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sition of accelerations.

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thus measuring change of direction, and the acceleration of Resolution

and compoactual velocity along the curve.

We may take another mode of resolving acceleration for a plane curve, which is sometimes useful; along, and perpendicular to, the radius-vector. By a method similar to that employed in $ 27, we easily find for the component along the radius-vector

do 2
dt

dt
and for that perpendicular to the radius-vector

1d
rdt

dt 33. If for any case of motion of a point we have given the Determinawhole velocity and its direction, or simply the components of motion from the velocity in three rectangular directions, at any time, or, as city or acis most commonly the case, for any position, the determination of the form of the path described, and of other circumstances of the motion, is a question of pure mathematics, and in all cases is capable, if not of an exact solution, at all events of a solution to any degree of approximation that may be desired. .

The same is true if the total acceleration and its direction at every instant, or simply its rectangular components, be given, provided the velocity and direction of motion, as well as the position, of the point at any one instant, be given. For we have in the first case

dx

U = q cos a, etc.,

dt
three simultaneous equations which can contain only x, y, z, and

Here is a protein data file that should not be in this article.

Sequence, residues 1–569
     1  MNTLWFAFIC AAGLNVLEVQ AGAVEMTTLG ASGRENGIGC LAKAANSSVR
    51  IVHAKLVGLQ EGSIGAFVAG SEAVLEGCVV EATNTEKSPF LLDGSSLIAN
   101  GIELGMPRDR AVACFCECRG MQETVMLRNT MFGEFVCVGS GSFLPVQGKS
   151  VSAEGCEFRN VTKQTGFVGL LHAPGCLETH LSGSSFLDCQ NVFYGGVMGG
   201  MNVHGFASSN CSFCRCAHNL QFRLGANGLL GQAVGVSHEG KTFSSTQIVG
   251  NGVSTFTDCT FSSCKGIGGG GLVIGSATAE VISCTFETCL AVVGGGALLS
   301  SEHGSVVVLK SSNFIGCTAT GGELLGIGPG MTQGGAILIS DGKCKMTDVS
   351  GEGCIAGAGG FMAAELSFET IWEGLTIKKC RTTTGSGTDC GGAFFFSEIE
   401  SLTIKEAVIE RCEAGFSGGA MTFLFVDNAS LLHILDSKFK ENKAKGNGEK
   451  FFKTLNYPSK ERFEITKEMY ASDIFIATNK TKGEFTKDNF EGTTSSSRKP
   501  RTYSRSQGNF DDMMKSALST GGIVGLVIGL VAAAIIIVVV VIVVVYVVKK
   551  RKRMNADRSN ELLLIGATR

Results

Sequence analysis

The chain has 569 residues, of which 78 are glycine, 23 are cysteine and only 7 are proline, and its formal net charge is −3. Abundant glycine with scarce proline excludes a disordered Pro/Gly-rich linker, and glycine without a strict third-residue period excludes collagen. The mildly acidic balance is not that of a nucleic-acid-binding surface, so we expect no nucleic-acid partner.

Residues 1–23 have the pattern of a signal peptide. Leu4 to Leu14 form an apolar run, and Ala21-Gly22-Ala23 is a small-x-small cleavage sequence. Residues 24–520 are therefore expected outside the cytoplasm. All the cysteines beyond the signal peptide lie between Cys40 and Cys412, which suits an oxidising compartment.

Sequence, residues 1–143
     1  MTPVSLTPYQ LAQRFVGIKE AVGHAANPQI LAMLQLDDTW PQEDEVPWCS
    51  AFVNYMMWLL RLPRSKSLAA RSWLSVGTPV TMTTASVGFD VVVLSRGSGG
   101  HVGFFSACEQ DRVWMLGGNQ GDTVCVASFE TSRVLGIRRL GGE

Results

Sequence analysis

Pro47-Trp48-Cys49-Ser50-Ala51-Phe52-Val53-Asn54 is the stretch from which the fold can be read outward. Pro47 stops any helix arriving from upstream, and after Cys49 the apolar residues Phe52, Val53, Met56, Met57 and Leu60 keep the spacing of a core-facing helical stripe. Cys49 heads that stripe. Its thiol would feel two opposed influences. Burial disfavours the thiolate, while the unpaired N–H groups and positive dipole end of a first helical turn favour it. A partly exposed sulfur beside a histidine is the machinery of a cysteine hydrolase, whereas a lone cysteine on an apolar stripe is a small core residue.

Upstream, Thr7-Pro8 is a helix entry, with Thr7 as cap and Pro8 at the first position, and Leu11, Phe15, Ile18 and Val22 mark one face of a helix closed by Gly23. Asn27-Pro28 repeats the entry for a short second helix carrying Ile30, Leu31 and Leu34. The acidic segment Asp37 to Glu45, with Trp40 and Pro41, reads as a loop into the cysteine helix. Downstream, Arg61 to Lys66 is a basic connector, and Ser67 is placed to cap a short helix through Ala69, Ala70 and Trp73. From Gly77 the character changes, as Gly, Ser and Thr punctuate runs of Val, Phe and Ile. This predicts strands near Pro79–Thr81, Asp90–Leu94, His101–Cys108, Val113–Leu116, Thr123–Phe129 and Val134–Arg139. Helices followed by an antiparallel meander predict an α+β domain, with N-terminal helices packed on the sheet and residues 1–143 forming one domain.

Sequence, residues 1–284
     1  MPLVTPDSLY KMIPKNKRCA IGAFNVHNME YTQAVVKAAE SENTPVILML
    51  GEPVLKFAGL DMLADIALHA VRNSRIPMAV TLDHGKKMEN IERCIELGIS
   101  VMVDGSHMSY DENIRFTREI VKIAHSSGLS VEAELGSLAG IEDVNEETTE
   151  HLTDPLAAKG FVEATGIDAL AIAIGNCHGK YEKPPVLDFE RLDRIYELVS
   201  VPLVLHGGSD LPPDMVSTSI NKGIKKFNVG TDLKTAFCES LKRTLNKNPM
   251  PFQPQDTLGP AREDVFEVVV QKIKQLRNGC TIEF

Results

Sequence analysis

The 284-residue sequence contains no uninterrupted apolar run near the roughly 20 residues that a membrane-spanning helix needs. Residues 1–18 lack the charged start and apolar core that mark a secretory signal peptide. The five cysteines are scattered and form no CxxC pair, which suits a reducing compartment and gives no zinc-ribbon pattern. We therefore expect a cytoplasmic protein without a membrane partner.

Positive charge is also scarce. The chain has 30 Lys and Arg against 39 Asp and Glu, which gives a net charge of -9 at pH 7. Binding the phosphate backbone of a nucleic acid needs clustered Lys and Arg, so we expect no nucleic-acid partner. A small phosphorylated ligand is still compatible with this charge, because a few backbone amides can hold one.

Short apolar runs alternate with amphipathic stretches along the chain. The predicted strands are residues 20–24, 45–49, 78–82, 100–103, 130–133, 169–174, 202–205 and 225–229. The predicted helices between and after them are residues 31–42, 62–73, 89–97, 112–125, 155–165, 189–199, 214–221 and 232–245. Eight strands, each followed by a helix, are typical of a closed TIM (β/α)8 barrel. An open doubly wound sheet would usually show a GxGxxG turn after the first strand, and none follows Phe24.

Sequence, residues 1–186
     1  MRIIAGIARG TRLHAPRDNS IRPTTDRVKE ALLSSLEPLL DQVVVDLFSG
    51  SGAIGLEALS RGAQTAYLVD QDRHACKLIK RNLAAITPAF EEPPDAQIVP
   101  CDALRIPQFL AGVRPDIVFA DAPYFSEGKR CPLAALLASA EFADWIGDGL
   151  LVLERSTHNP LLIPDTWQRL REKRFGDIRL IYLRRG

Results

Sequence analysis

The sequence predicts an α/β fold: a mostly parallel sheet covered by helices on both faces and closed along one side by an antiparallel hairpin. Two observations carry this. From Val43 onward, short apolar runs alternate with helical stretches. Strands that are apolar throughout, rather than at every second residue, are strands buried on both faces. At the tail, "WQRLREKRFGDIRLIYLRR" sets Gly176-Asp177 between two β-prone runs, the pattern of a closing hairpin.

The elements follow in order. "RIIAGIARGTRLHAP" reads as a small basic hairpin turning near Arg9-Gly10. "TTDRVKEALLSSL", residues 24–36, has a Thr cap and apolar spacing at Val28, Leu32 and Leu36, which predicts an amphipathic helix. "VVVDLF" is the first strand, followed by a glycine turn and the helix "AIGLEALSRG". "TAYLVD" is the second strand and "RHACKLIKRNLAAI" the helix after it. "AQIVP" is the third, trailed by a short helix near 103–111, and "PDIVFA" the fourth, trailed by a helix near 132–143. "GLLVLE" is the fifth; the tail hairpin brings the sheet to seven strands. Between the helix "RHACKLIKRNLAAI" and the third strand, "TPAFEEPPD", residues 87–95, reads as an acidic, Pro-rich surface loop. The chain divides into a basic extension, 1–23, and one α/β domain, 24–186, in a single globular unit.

t, and which therefore suffice when integrated to determine x, y,
and in terms of t. By eliminating t among these equations, we
obtain two equations among x, y, and 2-each of which repre-
sents a surface on which lies the path described, and whose
intersection therefore completely determines it.
In the second case we have

dix d d'y
dt?
=d,

B,
dt

Εγκαι
to which equations the same remarks apply, except that here
each has to be twice integrated.

Determina- The arbitrary constants introduced by integration are detertion of the motion from

mined at once if we know the co-ordinates, and the components given velocity or ac

of the velocity, of the point at a given epoch. celeration. Examples of 34. From the principles already laid down, a great many velocity.

interesting results may be deduced, of which we enunciate a few of the most important.

If the velocity of a moving point be uniform, and if its direction revolve uniformly in a plane, the path described is a circle.

a.

Let a be the velocity, and a the angle through which its direction turns in unit of time; then, by properly choosing the axes, we have

da
a sin at,

= a cos at,
dt
whence

(x – A)* +(y B)* =

)

dy dt

a

b. If a point moves in a plane, and if its component velocity parallel to each of two rectangular axes is proportional to its distance from that axis, the path is an ellipse or hyperbola whose principal diameters coincide with those axes; and the acceleration is directed to or from the origin at every instant.

dac dy
dt
- ру,

dt

= V2.

d'y

đox Hence

Mvx, towards or from 0.

= uvy, and the whole acceleration is dt

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dy Also

from which uye - vac" = C, an ellipse or hyperdx

My bola referred to its principal axes. (Compare $ 65.) C. When the velocity is uniform, but in direction revolving uniformly in a right circular cone, the motion of the point is in

a circular helix whose axis is parallel to that of the cone. Examples of 35. a. When a point moves uniformly in a circle of radius R, with velocity V, the whole acceleration is directed towards

V the centre, and has the constant value

R:

See $ 31.

acceleration.

accelera

b. With uniform acceleration in the direction of motion, a Examples of point describes spaces proportional to the squares of the times tion. elapsed since the commencement of the motion.